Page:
Linked by Thom Holwerda on Fri 6th Feb 2009 14:34 UTC
Games Do you remember the good old days? When game manufacturers fully realised that gamers don't really need a motivation and a back story to make them want to kill everything on screen? The good old days, when Grand Theft Auto 1 was released, and Carmageddon 1 and 2 were made. Those were the days. Somewhere along the way, however, game designers started shoe-horning backstories and motivations into games where the goal is "kill everything", and as a consequence, these games became pretentious. Thank god, however, for Saints Row 2: a game that brings back the good old days of mindless violence - just for the fun of it.
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you are what you play (watch)
by areks on Fri 6th Feb 2009 15:05 UTC
areks
Member since:
2008-11-10
Extreme Coder Member since:
2007-07-26

Sorry, but I don't buy that. A person's willingness to help others is defined by their character and personality, not if they just had a go of GTA or Saints Row.
And what was a 12 year old playing GTA:VC? That game is rated 18+ AFAIK.

Reply Parent Score: 3

ssa2204 Member since:
2006-04-22



Interesting link you posted. While it is stated the difference between the two groups was measured in seconds, I can not help but think that for the human brain, which has a speed unparalleled by any supercomputer, a few seconds is quite a long time.

That said, the effects of violent media proved small for the most part, coming down to a couple seconds or a few percentage points.


Should we take then that these individuals basically stopped and thought about something they simply should not be in a perfect world. I would like to see the results after a group has seen a film from the new breed of torture porn that sadly is getting popular. Most would be familiar with the Hostel or Saw series, but there are smaller budget/indie films that go even way beyond those. Films that have absolutely no redeeming value other than to play into the sick and twisted fantasies of sick and twisted people. Not in favor of censorship, but more and more these films really test that belief.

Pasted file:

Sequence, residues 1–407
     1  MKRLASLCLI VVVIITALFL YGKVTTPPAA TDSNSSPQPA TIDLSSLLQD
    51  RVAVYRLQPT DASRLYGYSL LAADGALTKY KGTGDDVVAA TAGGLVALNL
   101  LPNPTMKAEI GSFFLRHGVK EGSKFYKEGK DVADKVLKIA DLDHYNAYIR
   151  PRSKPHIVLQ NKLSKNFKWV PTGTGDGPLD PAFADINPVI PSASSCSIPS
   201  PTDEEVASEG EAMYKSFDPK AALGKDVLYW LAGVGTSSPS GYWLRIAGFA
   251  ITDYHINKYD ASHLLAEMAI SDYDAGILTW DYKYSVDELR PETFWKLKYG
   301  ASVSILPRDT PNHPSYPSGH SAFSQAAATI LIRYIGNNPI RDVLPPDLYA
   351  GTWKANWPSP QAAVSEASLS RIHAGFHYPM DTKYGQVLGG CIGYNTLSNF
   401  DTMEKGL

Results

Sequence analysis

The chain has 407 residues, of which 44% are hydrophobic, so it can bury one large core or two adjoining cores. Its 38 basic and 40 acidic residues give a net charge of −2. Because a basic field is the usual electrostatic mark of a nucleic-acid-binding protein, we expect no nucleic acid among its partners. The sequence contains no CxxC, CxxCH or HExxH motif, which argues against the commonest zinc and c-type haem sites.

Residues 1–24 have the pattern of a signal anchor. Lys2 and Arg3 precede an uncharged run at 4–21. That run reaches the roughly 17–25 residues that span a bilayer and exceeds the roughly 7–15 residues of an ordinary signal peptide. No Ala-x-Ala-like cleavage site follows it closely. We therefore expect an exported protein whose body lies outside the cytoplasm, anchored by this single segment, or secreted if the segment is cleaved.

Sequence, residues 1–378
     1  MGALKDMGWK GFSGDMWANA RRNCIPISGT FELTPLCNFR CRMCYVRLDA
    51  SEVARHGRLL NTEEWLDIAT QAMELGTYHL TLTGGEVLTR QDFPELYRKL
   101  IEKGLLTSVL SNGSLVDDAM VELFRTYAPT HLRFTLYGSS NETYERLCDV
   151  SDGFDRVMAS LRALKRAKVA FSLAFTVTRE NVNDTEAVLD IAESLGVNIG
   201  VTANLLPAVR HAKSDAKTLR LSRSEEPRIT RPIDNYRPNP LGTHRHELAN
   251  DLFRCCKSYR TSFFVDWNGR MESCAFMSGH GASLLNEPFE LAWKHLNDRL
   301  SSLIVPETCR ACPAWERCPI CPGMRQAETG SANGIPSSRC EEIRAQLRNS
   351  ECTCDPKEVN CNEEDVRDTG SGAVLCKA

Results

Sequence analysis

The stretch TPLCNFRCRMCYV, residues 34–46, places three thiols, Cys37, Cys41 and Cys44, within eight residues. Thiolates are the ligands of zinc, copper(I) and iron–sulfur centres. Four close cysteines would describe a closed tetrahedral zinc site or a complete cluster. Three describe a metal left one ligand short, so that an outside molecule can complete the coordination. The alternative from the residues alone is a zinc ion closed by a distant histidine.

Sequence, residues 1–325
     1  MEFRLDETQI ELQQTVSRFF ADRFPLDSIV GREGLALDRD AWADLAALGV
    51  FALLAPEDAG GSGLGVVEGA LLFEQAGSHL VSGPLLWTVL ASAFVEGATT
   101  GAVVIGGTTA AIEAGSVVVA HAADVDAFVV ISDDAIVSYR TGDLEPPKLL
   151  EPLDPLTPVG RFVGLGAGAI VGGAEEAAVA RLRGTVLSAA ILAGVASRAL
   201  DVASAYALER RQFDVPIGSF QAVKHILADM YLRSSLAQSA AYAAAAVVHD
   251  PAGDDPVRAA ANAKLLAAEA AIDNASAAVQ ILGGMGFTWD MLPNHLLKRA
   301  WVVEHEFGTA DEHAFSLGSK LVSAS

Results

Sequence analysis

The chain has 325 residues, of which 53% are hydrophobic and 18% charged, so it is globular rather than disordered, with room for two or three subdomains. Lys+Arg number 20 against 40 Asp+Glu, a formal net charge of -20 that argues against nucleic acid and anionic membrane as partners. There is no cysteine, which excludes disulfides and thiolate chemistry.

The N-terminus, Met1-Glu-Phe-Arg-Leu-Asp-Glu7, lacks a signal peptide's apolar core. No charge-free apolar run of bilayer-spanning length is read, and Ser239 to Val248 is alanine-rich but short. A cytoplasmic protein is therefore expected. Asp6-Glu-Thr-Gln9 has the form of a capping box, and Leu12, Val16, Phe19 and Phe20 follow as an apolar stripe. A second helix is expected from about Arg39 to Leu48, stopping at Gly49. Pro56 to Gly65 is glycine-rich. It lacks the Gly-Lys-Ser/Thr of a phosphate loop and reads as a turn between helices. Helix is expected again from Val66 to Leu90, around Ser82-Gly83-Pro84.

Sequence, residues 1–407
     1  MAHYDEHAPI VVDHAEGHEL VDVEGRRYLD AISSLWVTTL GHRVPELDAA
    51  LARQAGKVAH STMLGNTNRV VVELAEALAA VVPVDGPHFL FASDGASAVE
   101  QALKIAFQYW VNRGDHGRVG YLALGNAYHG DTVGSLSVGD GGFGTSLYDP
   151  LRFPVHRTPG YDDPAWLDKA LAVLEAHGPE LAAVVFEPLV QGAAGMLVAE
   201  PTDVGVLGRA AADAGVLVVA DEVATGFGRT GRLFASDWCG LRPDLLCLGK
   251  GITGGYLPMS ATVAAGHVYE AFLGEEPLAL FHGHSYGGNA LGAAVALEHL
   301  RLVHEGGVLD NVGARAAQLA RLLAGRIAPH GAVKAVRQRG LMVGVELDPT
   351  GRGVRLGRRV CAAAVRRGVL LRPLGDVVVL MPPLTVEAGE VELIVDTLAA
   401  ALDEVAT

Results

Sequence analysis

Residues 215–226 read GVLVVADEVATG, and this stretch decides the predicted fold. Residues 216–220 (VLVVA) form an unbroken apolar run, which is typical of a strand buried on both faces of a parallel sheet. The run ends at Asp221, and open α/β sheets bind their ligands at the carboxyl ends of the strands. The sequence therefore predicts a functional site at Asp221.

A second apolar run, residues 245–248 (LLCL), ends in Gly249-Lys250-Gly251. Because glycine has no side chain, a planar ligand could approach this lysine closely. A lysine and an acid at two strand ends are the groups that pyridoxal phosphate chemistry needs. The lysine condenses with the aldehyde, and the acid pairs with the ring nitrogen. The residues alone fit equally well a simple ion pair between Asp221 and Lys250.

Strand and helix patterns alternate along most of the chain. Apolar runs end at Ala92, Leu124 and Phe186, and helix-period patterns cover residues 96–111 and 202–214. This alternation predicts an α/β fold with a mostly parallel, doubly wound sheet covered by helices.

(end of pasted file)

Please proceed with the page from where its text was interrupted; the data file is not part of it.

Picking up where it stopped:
Reply Parent Score: 2

David Member since:
1997-10-01

I can not help but think that for the human brain, which has a speed unparalleled by any supercomputer, a few seconds is quite a long time.


Actually, the human brain is very slow by modern computing standards. Think about how long it takes you to figure out something you've never done before, like learning to catch a ball or fly a helicopter. The reason that our brains are so powerful is because of its massive pre-processing capabilities. We call it practice, but what we're doing when we're practicing, rehearsing, or training is setting up neural connections, so when we come across a similar scenario, we can react with immediacy. Our brains have massively parallel processing, but it's quite slow in Megahertz.

Reply Parent Score: 1

Googol Member since:
2006-11-24

"I can not help but think that for the human brain, which has a speed unparalleled by any supercomputer"

Good-bye 60s - welcome to the new millenium...

Only cuz they are dumb doesn't mean they are not FAAAAAST ;)

Reply Parent Score: 2

dagw Member since:
2005-07-06

I can not help but think that for the human brain, which has a speed unparalleled by any supercomputer, a few seconds is quite a long time.


What's the square root of 2977? Or for that matter what's 4 times 17? Now tell me again that the speed of the human brain is unparalleled by any supercomputer.

Reply Parent Score: 2

smashIt Member since:
2005-07-06

i'd say "you are what you play (watch)" is the wrong way around
it's more like "you play (watch) what you are"


back on topic:
the whole review reminds me of this:
http://www.escapistmagazine.com/videos/view/zero-punctuation/312-Sa...

Reply Parent Score: 2

vitae Member since:
2006-02-20

Exactly, which you'd think the government, at least, would be happy about, since they've no problem sending 18 year olds to Iraq or Afghanistan. Although alot of parents don't seem to have a problem with it either. And when these vets come back with the thousand yard stare they still don't have a problem with it, but they're some of the same people complaining about video game violence.

Reply Parent Score: 2

kragil Member since:
2006-01-04

Yeah that is also what I thought, Thom basically wrote down what Yahtzee said.
Imitate the best and then innovate, not the other way around. So I guess Thom did it right ;)

Reply Parent Score: 2

DigitalAxis Member since:
2005-08-28

I'm glad I'm not the only one who thought of that. While reading the article I was imagining it narrated with Ben "Yahtzee" Croshaw's voice.